The daily business briefing: August 25, 2022
Biden unveils plan to forgive $10,000 in student loans for most borrowers, California unveils plan to ban gas-powered new car sales by 2035, and more
Biden forgives $10,000 in student loan debt for most borrowers
President Biden on Wednesday announced his long-awaited plan for cutting federal student loan debt, saying he would forgive $10,000 for borrowers earning under $125,000 a year, or couples making under $250,000. Biden also said recipients of Pell Grants who make less than $125,000 annually would be eligible for another $10,000 reduction. Biden said the plan will help middle-class Americans "saddled with unsustainable debt." He also announced the extension of a pandemic-era pause of student loan repayments through the end of the year. Advocacy groups praised the plan, although some had called for erasing more debt. Republicans opposed the program, independently estimated at $300 billion over a decade. House Minority Leader Kevin McCarthy (R-Calif.) called it a "debt transfer scam."
California unveils plan to ban sale of new gas-powered cars by 2035
California plans to ban the sale of new gasoline-powered cars starting in 2035 under a policy unveiled Wednesday. State regulators are scheduled to vote Thursday on launching the plan, which will start with restrictions on new gasoline-powered vehicle sales leading up to the ban. California is the biggest U.S. auto market, so its transition to EVs is expected to speed up the global shift. "This is huge," said Margo Oge, an EV expert who led the Environmental Protection Agency's transportation emissions program under Presidents Bill Clinton, George W. Bush, and Barack Obama. Oge said other states following California's lead "will drive the market, and drive innovation." More than a dozen states usually set auto emissions standards modeled after California's.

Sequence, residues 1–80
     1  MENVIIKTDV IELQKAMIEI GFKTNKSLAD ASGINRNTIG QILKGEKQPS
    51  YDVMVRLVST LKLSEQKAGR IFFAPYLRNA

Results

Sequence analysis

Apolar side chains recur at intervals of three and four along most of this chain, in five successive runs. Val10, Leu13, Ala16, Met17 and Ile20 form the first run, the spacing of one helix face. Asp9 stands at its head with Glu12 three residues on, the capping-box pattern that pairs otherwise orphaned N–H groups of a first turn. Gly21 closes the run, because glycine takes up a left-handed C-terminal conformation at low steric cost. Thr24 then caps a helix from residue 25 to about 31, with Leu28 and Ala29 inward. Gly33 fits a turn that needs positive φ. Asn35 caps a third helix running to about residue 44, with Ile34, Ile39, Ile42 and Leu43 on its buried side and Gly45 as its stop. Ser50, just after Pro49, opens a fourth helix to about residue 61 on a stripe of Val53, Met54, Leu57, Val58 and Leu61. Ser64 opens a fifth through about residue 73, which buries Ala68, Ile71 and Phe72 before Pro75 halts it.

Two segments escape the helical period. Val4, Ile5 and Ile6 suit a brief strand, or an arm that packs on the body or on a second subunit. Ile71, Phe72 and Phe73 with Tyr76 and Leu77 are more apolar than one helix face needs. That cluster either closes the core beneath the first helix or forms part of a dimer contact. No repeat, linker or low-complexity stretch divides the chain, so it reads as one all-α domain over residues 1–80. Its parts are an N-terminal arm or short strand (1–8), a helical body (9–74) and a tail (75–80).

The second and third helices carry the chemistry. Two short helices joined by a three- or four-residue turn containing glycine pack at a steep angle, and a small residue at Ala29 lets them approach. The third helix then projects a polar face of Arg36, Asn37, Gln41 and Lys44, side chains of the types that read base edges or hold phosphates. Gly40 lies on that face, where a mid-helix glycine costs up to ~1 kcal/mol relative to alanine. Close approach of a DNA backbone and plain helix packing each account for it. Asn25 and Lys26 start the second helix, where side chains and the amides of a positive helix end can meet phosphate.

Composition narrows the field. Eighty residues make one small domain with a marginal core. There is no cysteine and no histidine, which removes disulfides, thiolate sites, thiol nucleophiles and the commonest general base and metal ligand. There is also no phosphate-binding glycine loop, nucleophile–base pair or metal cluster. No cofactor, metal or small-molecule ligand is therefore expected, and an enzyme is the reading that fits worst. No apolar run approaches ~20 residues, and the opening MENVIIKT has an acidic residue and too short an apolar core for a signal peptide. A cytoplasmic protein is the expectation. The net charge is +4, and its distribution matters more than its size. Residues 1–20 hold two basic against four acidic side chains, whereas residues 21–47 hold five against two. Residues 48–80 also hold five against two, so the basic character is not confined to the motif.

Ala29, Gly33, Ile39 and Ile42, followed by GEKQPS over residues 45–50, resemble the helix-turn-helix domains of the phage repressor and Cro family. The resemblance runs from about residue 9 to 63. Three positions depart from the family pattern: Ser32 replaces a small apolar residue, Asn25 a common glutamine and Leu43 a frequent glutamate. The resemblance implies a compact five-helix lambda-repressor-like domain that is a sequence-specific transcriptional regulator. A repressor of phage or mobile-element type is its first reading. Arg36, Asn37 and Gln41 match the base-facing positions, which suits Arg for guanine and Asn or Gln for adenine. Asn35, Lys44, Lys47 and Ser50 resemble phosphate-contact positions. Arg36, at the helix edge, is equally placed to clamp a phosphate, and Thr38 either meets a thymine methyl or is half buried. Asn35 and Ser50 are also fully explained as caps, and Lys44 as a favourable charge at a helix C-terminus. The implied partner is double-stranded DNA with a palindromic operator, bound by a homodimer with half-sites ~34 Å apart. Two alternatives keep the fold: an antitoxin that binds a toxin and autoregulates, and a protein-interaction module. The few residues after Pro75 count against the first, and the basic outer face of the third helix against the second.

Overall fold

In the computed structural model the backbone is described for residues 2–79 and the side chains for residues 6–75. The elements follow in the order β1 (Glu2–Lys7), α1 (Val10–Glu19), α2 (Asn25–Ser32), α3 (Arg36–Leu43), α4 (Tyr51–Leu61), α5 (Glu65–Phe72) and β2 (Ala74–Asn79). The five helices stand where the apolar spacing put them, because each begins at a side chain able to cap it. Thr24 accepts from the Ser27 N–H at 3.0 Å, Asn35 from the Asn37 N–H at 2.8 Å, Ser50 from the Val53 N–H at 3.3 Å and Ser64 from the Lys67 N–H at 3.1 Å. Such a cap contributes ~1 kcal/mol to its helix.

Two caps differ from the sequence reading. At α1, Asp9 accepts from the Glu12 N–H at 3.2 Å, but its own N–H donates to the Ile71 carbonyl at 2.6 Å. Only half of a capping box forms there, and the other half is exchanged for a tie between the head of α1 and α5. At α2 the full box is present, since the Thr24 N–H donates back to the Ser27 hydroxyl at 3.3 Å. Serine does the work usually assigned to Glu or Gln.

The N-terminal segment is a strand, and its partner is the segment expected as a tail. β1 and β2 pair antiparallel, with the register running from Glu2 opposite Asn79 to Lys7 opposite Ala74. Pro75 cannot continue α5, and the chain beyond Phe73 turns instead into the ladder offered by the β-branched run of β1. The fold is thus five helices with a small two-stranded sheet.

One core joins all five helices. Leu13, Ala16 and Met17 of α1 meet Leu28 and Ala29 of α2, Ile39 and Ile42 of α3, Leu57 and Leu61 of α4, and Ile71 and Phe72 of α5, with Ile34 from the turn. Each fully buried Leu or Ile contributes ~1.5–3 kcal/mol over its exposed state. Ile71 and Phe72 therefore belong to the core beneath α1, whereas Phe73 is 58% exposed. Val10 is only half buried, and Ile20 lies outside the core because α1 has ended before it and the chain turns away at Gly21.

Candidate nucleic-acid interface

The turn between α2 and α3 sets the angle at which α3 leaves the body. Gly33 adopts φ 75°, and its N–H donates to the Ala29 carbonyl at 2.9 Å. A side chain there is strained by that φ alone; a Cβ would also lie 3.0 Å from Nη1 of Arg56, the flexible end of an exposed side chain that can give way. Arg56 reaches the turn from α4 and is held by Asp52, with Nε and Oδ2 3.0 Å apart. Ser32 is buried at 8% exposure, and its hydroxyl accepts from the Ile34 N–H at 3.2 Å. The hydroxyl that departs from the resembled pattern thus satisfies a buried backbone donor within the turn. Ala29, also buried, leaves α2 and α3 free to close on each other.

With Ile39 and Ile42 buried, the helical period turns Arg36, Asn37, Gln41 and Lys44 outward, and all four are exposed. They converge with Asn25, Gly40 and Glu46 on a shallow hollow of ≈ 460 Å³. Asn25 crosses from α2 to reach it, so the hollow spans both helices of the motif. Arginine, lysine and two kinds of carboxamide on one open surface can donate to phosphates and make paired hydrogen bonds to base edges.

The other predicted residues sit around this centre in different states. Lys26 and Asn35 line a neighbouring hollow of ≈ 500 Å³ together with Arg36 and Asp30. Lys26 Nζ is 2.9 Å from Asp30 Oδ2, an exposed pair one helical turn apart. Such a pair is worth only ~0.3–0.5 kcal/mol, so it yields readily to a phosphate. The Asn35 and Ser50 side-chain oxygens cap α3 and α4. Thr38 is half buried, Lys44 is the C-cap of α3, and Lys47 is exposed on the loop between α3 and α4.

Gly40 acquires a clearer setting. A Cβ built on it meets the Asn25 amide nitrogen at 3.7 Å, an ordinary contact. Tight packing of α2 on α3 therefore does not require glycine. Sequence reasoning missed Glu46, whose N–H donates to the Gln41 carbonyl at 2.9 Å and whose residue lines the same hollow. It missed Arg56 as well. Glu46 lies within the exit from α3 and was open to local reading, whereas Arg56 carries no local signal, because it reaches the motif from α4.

Amazon tells employees it's shutting down Amazon Care
Amazon plans to shut down its Amazon Care primary health-care services at the end of 2022, GeekWire reported Wednesday, citing an internal Amazon memo. The decision marks a retreat in the online retail giant's push into health care, although the company said it is not discontinuing any of its other health initiatives. Amazon Care "is not a complete enough offering for the large enterprise customers we have been targeting, and wasn't going to work long-term," Neil Lindsay, Amazon Health Services senior vice president, said in the email to Amazon Health Services employees. Amazon said it realized Amazon Care wasn't working out before it agreed in July to acquire primary care company One Medical for $3.9 billion. That deal, which needs regulatory approval, is moving forward.
Stock futures rise ahead of Fed's Jackson Hole gathering
U.S. stock futures rose early Thursday after the Dow Jones Industrial Average and the S&P 500 snapped three-day losing streaks. Futures tied to the Dow and the S&P 500 were up 0.3 percent and 0.5 percent, respectively, at 6:30 a.m. ET. Nasdaq futures were up 0.7 percent. Big gainers included Snowflake, which jumped 17 percent after reporting better-than-expected earnings. The Dow and the S&P 500 rose 0.2 percent and 0.3 percent, respectively, on Wednesday. The tech-heavy Nasdaq gained 0.4 percent. Investors will be looking for clues about the Federal Reserve's next moves to fight high inflation at the central bank's symposium in Jackson Hole, Wyoming, which starts Thursday. Fed Chair Jerome Powell is scheduled to speak Friday morning.
Germany launches 1st fleet of hydrogen-powered trains
Germany on Wednesday launched what it called the world's first fleet of hydrogen-powered passenger trains. The 14 new trains, manufactured by French company Alstom, are powered by hydrogen fuel cells and are emission-free. They will replace 15 diesel-powered trains operated by regional rail company LNVG on routes in the state of Lower Saxony. The new trains will save more than 422,000 gallons of diesel fuel per year. Alstom says the Coradia iLint trains have a range of 621 miles and a top speed of 87 miles per hour. The hydrogen used to fuel the new trains is a byproduct in chemical processes, but German specialty gas company Linde has plans to start manufacturing it locally using renewable energy within three years.